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Author Topic: Chess thread  (Read 251297 times)
Tal
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« Reply #15 on: July 25, 2012, 12:45:14 PM »

Hi Tal.

Don't let the lack of interaction make you think there's not much interest in the thread. If I had anything remotely intelligent to bring to the table I would but I'll have to remain an observer for now.

I very rarely play chess but I'm definitely enjoying the information you're providing and it's starting to make me want to play a bit. I also enjoyed those videos which you recommended.

Please keep it up.

Matt

Very kind of you. Thank you.

As long as the views keep going up, I will carry on, but I do welcome feedback (whether posted or PMd) on the content and style of what I put on the thread. If you enjoy the latest games, if you want to keep up with who's winning tourneys, if you want something more instructive (old games or positions that explain tactics or ideas), if you want historical anecdotes and interesting stories, I'd like to know.

Of course, if you HAVE any of the above yourselves to share, please do. The more of a forum thread it is the better!
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Tal
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« Reply #16 on: July 26, 2012, 10:20:51 PM »

A few things of interest for you from the British Championships.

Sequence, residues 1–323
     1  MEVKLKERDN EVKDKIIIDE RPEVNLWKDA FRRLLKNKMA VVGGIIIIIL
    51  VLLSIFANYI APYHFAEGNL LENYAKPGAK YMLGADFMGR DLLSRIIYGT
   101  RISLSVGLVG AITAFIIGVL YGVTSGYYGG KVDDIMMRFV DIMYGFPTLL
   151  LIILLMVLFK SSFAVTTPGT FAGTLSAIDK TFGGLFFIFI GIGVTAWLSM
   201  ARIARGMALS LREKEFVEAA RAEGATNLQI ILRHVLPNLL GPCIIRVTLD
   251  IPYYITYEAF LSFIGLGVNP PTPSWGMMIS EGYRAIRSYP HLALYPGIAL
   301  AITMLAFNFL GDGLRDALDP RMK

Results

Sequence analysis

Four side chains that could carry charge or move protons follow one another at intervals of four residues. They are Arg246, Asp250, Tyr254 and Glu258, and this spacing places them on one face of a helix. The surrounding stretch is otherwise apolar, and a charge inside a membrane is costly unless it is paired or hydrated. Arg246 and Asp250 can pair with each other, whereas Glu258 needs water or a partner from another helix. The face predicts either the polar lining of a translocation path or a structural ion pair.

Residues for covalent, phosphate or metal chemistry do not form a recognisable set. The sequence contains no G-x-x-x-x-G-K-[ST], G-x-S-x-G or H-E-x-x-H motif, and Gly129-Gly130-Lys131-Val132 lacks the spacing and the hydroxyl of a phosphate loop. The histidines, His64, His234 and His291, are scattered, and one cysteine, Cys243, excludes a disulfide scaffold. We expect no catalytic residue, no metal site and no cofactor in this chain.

Firstly, the current standings, as round 4 has just finished.

Top seed Gawain Jones has won all four of his games, including one against number 3 seed Steven Gordon today, and has the sole lead. In second place is a relatively unfancied player in James Holland, who has achived 3.5 out of 4, despite having to play four titled players in a Grandmaster, an International Master and two FIDE Masters. The two of them will face each other tomorrow.

There is a cluster of players on 3/4, including both Steven Gordon and David Howell, as well as all but one of the remaining Grandmasters.

The website for the tournament is http://britishchesschampionships.co.uk and you might well enjoy the feature whereby you can watch all the games from the main competition live each afternoon. If you're really keen (ahem), you might take a peek at the webcams.

Commentary

For something a little more user-friendly, the British Championships has had a commentary room for some years now, which is a great feature of bigger tournaments.